The playground at Innovation Hills integrates a natural design with elements like logs, dirt, tree stumps, grassy hills and streams.

The playground at Innovation Hills integrates a natural design with elements like logs, dirt, tree stumps, grassy hills and streams.

Photo by Patricia O’Blenes

New elements open at Innovation Hills

By: Mary Beth Almond | Rochester Post | Published June 21, 2023

 Kids walk the red carpet at a ribbon-cutting for the second phase of the Innovation Hills Park playground June 7.

Kids walk the red carpet at a ribbon-cutting for the second phase of the Innovation Hills Park playground June 7.

Photo by Patricia O’Blenes


ROCHESTER HILLS — The community’s first inclusive and accessible playground has some new play features for all ages and abilities to enjoy this summer at Innovation Hills Park.

Rochester Hills Mayor Bryan Barnett revealed the second phase of the playground development during a June 7 ribbon-cutting ceremony.

“This project has been a pretty cool dream to watch take place over the last number of years,” Barnett said.

Ken Elwert, the city’s director of parks and natural resources, said Barnett was instrumental in the development of the park.

“Mayor Barnett had a vision for this park way before, really, almost anybody else did, and really started to pull it together,” he said.

Innovation Hills — the city’s first new park in 25 years — opened to the public in October 2019 with the first phase of the multiyear project complete. At that time, the park included various lakes, glow-in-the-dark sidewalks, boardwalks and trails.

“The number of people that visited this park in 2018, before anything was here, was 13,000. Last year, close to 400,000 people came to Innovation Hills — that’s two and a half times the population of Reno, Nevada,” Barnett said with a chuckle. “And we think we’ll probably top that this year.”

The city, he said, is “absolutely thrilled” with how the community has embraced the park.

“There are proposals, promposals, wedding pictures, graduation pictures, class field trips, everything you can imagine has been celebrated in this park, and one of the highlights of the park has been the play area,” Barnett said.

The $3.7 million nature-themed, universal design playground opened in June of 2021 with a custom-built multistory bebb oak treehouse with a locally themed bridge as its main focal point. Since then, hundreds of thousands of children have enjoyed the first phase’s 20 unique play elements, two pavilions, a sand play area, and a flowing splash river that mimics the course of the actual Clinton River cutting through the park.

The playground equipment was specifically designed with earth tones to prevent overstimulation of those on the autism spectrum and was intentionally designed with a fenced enclosure to prevent children from wandering. The playground also includes ramps and transfer access on all play components, a universally designed route to the accessible restrooms, and an open quiet area with no playground equipment for those who need to wind down away from larger groups.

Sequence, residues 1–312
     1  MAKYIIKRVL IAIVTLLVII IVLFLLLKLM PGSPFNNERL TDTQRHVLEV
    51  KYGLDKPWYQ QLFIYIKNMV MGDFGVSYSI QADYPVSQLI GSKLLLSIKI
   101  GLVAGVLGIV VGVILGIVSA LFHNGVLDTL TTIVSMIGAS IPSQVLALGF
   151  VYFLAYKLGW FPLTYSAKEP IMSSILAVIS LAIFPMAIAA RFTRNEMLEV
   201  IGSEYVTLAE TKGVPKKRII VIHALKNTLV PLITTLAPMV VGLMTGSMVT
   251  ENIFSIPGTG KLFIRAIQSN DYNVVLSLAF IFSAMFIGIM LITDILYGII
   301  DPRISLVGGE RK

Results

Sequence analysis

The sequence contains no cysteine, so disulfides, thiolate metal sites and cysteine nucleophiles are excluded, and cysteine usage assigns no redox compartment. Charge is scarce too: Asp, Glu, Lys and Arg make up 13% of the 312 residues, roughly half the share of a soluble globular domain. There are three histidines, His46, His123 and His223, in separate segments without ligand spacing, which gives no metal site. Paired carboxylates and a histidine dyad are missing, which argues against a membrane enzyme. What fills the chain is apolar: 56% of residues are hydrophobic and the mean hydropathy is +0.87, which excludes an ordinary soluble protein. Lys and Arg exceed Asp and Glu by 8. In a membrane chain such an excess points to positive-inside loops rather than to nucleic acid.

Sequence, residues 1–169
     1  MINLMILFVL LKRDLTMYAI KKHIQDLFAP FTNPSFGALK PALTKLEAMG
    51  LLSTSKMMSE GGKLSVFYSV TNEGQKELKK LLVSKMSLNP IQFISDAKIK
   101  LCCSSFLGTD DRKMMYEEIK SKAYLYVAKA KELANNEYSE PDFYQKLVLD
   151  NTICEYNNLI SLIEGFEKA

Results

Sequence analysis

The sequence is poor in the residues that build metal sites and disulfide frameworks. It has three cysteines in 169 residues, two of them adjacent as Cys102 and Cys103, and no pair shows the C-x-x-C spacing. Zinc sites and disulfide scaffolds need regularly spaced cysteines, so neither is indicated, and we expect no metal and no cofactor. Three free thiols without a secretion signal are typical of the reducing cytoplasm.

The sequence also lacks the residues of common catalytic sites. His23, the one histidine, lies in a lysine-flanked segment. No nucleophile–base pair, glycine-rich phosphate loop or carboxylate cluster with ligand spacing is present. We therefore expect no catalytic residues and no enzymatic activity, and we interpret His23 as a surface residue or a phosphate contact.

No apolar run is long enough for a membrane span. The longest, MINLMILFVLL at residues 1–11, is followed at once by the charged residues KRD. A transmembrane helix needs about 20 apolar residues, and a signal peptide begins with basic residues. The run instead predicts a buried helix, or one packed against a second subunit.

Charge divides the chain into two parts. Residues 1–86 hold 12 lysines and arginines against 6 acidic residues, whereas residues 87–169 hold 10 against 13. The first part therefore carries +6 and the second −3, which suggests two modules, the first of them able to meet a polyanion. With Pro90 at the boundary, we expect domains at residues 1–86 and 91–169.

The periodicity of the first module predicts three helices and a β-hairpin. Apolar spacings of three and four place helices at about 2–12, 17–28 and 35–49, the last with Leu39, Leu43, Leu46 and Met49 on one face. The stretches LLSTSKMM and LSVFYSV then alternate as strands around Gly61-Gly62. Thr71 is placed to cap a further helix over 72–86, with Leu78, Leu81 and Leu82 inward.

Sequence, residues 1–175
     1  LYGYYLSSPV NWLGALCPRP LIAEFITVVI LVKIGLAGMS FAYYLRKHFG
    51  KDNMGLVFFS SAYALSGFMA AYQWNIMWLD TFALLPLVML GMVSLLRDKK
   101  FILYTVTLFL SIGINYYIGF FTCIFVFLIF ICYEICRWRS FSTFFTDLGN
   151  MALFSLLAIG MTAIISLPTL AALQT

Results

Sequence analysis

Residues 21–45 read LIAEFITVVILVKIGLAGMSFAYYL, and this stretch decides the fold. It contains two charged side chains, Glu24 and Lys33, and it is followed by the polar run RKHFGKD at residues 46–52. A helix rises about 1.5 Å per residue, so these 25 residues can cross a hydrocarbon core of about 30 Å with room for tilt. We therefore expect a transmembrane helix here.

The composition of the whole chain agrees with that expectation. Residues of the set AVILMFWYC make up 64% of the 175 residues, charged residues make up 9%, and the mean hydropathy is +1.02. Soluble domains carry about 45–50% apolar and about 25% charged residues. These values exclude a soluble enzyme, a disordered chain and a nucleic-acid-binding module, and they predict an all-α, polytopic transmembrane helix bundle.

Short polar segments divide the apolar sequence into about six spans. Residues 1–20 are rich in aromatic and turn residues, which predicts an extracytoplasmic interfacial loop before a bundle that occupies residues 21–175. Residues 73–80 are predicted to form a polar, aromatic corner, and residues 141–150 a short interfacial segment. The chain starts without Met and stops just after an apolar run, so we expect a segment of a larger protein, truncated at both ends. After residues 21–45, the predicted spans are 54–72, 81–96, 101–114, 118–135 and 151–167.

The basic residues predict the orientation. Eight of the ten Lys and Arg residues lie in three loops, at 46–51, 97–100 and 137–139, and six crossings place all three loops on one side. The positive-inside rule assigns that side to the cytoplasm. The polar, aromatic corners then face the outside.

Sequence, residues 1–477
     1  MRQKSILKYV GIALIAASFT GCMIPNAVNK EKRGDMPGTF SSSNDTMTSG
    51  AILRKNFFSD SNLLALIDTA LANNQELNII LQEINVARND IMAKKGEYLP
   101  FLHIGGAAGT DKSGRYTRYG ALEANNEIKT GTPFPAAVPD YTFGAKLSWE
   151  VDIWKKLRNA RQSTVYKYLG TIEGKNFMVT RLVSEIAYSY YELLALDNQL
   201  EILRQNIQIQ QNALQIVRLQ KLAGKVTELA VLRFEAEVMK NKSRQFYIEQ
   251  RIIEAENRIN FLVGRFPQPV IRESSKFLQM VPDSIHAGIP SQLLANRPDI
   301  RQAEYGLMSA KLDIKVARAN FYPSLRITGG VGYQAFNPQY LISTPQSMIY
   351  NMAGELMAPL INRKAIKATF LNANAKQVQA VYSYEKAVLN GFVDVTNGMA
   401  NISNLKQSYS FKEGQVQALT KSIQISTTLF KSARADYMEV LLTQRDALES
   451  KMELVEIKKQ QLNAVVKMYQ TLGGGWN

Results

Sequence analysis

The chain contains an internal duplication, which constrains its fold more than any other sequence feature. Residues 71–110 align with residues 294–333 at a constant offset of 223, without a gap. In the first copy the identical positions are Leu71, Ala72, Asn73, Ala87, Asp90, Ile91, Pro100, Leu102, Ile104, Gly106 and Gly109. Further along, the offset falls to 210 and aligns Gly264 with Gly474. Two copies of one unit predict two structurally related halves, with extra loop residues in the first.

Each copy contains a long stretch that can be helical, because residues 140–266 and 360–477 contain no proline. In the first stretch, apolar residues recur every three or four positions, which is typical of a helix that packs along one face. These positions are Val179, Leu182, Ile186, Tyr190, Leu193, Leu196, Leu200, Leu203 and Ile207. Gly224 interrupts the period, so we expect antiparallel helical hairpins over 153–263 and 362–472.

The latest portion of the playground includes 12 new play elements and experiences for kids, surrounded by hundreds of shrubs and trees.

The park’s new “We-Go-Round” is fully wheelchair accessible and offers ample room for kids and families to interact and play together while facing each other.

“It’s a fully wheelchair accessible merry-go-round, one of only a couple in the state of Michigan that will allow students and kids of all ages to participate in something that we all grew up with, a good old-fashioned merry-go-round,” Barnett said.

The expanded playground also features many new climbing elements and a number of “cozy cocoons,” providing a cozy space to escape when overstimulated, and a dedicated music area that creates hands-on music-making experiences for children to learn and explore their creativity.

“We are thrilled with how this new park has come together and are excited that it’s getting even more exciting as we move forward,” Barnett added.

Michigan Department of Natural Resources grant coordinator Merrie Carlock and her team donated over $300,000 in a land and water conservation fund grant to see the all-accessible expanded portion of the playground become a reality. Donations from the Modetz and Moceri families, and Rochester Tuesday Musicale, also helped.

“I’ve built some pretty big play lots in my time, but this one is much bigger, kinda on the Disney scale of things,” Carlock said of the park’s playground.

The next stage of park growth, Barnett said, will include an Indiana Jones-style rope bridge that will eventually connect the front 70 acres of the park with the back 40 acres.

“That’s a green space parcel on the other 40, giving us almost 120 acres of crazy fun area to recreate, create family moments and enjoy Rochester Hills. … People are working every day to continue this incredible story,” Barnett said.

Innovation Hills Park is a 110-acre public space located at 2800 W. Hamlin Road, east of Adams Road, in Rochester Hills. The park is free and open to the public 8 a.m.-10 p.m. daily.

To become an Innovation Hills sponsor, contact the Mayor’s Office at (248) 656-4664. For more information, visit